NNN.NNN.NNN.NNN foo.yourdomain.com foo

If your interface is configured dynamically via DHCP then you should have a line like this:

127.0.0.1 localhost.localdomain localhost foo

or lines like these:

127.0.0.1 localhost.localdomain localhost
127.0.1.1 foo

so that programs are able to look up an IP address for your host even when you are not connected to a network. When the machine's NIC is configured using DHCP, the LAN's DNS server should allow you to look up the IP address for your hostname that is externally visible. To make sure that this address is found in preference to the one in /etc/hosts, make sure that the hosts: line in /etc/nsswitch.conf has

hosts:   dns files

With this configuration, attempts to look up host names take a long time if the network is down and nameserver addresses are still listed in /etc/resolv.conf. A solution is to install the resolvconf package which removes those addresses from resolv.conf when the network is down.

You may also need to edit the configuration files for various applications such as apache, exim, sendmail, qmail, etc. if you use any of them. Clients that access services such as these on the same machine should generally use localhost as the hostname.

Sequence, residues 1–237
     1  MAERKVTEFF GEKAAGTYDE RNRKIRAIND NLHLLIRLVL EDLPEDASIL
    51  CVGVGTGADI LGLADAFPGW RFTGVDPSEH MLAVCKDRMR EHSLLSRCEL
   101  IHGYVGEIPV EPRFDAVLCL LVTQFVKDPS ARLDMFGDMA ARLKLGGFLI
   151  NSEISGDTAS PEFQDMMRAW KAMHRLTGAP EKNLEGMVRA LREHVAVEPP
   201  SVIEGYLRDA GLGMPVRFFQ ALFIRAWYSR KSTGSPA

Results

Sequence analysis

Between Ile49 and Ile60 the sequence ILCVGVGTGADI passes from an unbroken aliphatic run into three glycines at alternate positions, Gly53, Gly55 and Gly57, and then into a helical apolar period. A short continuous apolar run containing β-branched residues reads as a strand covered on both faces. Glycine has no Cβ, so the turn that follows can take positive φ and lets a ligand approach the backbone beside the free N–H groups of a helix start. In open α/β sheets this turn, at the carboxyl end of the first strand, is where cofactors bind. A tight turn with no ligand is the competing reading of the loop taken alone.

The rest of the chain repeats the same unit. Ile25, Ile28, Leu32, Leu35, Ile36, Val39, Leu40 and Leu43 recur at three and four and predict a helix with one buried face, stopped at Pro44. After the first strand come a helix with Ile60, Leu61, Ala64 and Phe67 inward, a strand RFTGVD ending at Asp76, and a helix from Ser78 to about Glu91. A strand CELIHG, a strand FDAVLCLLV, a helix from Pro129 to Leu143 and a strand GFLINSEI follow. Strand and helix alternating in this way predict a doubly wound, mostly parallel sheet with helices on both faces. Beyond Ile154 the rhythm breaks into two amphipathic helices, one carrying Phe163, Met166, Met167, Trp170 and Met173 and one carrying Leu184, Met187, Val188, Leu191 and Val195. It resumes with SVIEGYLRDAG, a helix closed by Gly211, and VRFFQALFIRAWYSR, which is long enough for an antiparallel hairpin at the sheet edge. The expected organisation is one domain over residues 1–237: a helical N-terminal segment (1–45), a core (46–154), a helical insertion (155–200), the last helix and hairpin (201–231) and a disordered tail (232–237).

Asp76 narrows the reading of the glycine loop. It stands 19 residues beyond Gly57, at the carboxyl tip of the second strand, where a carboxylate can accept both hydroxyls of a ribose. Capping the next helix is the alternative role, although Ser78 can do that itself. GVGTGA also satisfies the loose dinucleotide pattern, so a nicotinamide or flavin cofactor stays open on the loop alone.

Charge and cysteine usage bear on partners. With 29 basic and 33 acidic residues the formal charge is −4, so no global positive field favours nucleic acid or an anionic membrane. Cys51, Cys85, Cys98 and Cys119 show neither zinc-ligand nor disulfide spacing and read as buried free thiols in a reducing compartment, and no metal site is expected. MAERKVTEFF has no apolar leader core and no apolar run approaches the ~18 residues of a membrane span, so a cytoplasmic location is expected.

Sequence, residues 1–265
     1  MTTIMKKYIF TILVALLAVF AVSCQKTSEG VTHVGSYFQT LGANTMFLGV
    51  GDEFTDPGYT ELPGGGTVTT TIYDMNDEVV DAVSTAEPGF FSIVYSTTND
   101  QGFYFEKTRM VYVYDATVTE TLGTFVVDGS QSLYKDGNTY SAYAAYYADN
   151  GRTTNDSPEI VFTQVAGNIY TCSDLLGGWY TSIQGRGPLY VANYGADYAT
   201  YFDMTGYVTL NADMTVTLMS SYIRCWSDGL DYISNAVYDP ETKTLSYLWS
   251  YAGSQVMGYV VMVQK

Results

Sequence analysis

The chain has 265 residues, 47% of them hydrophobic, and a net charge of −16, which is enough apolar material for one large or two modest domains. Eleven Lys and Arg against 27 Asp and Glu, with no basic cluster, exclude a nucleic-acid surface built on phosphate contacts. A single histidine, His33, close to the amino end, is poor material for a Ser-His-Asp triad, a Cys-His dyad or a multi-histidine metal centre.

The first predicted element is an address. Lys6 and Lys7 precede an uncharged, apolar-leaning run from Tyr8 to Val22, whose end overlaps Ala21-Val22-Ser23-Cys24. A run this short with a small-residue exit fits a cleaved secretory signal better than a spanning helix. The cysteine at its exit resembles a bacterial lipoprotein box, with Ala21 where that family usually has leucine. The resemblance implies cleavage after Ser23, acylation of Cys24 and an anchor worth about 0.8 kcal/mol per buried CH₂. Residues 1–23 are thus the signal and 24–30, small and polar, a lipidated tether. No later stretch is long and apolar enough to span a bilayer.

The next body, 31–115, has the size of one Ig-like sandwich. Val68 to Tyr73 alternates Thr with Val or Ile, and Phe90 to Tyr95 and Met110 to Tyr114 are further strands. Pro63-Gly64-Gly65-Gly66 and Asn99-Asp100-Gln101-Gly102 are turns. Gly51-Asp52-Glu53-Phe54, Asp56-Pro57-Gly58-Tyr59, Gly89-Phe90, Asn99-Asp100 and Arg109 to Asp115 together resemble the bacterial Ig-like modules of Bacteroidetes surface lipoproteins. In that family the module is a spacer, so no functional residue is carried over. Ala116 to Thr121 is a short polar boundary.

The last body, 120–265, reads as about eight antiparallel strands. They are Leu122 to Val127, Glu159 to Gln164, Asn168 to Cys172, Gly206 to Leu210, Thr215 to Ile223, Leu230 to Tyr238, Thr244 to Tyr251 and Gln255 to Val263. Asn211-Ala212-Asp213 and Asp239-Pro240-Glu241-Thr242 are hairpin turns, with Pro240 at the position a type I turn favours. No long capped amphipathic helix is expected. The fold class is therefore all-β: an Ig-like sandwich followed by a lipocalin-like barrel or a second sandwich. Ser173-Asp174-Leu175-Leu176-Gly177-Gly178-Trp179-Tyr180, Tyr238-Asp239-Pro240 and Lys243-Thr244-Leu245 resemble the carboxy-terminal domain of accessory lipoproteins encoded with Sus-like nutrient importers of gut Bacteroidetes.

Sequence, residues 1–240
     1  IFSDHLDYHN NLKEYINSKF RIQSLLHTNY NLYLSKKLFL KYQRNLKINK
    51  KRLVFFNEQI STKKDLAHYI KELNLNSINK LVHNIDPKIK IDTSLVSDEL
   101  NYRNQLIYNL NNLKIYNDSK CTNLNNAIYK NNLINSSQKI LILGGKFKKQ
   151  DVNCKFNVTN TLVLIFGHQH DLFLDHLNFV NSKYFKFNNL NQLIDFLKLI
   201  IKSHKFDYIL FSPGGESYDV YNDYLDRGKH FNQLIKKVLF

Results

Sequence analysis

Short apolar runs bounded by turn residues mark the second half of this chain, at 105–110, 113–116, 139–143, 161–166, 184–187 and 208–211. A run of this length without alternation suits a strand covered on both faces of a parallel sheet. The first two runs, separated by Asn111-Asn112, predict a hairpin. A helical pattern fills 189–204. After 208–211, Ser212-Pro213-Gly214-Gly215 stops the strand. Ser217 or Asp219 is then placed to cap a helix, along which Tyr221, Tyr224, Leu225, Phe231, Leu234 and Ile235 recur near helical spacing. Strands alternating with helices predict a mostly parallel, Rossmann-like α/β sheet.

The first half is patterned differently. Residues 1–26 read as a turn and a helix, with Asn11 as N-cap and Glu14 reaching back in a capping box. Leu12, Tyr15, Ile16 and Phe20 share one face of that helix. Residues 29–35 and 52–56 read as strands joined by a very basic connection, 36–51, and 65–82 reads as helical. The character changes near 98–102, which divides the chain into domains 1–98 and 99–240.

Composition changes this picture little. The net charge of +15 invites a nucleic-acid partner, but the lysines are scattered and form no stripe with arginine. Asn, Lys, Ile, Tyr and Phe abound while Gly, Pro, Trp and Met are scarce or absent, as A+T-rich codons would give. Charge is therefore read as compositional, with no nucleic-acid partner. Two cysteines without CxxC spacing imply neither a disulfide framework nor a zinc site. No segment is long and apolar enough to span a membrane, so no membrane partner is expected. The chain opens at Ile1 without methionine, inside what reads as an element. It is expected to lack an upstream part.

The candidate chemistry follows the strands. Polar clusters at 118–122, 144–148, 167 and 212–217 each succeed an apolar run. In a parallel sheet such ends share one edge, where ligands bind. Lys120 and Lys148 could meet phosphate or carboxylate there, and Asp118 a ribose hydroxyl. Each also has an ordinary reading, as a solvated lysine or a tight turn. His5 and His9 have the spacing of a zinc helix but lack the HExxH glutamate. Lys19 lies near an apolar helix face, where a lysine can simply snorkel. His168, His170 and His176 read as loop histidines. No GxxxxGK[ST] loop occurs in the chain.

How do I set my NIC to full duplex?

If the normal auto-sensing doesn't work for your NIC, then there are three possibilities. The first is to use the mii-tool command in an up instruction in your NIC's stanza in /etc/network/interfaces. Unfortunately, not all NICs (or drivers) are supported by mii-tool. You can also use ethtool, via /etc/network/interfaces, for NICs that don't support MII. In some other cases, you may have to load the NIC driver with special parameters. You can get a list of parameters for your driver module with modinfo. If it's not immediately clear what the parameters mean, check http://www.scyld.com/network/ for documentation, or as a last resort, consult the driver's source code.

If you didn't build your NIC driver as a module, you may have to pass boot parameters (e.g. in an append= line in lilo.conf) and then reboot. Using modules for NIC drivers is strongly recommended.

How do I assign additional IP addresses to a single interface?

Add some more lines to /etc/network/interfaces, thus:

auto eth0:1
iface eth0:1 inet static
        address AAA.AAA.AAA.AAA
        etc.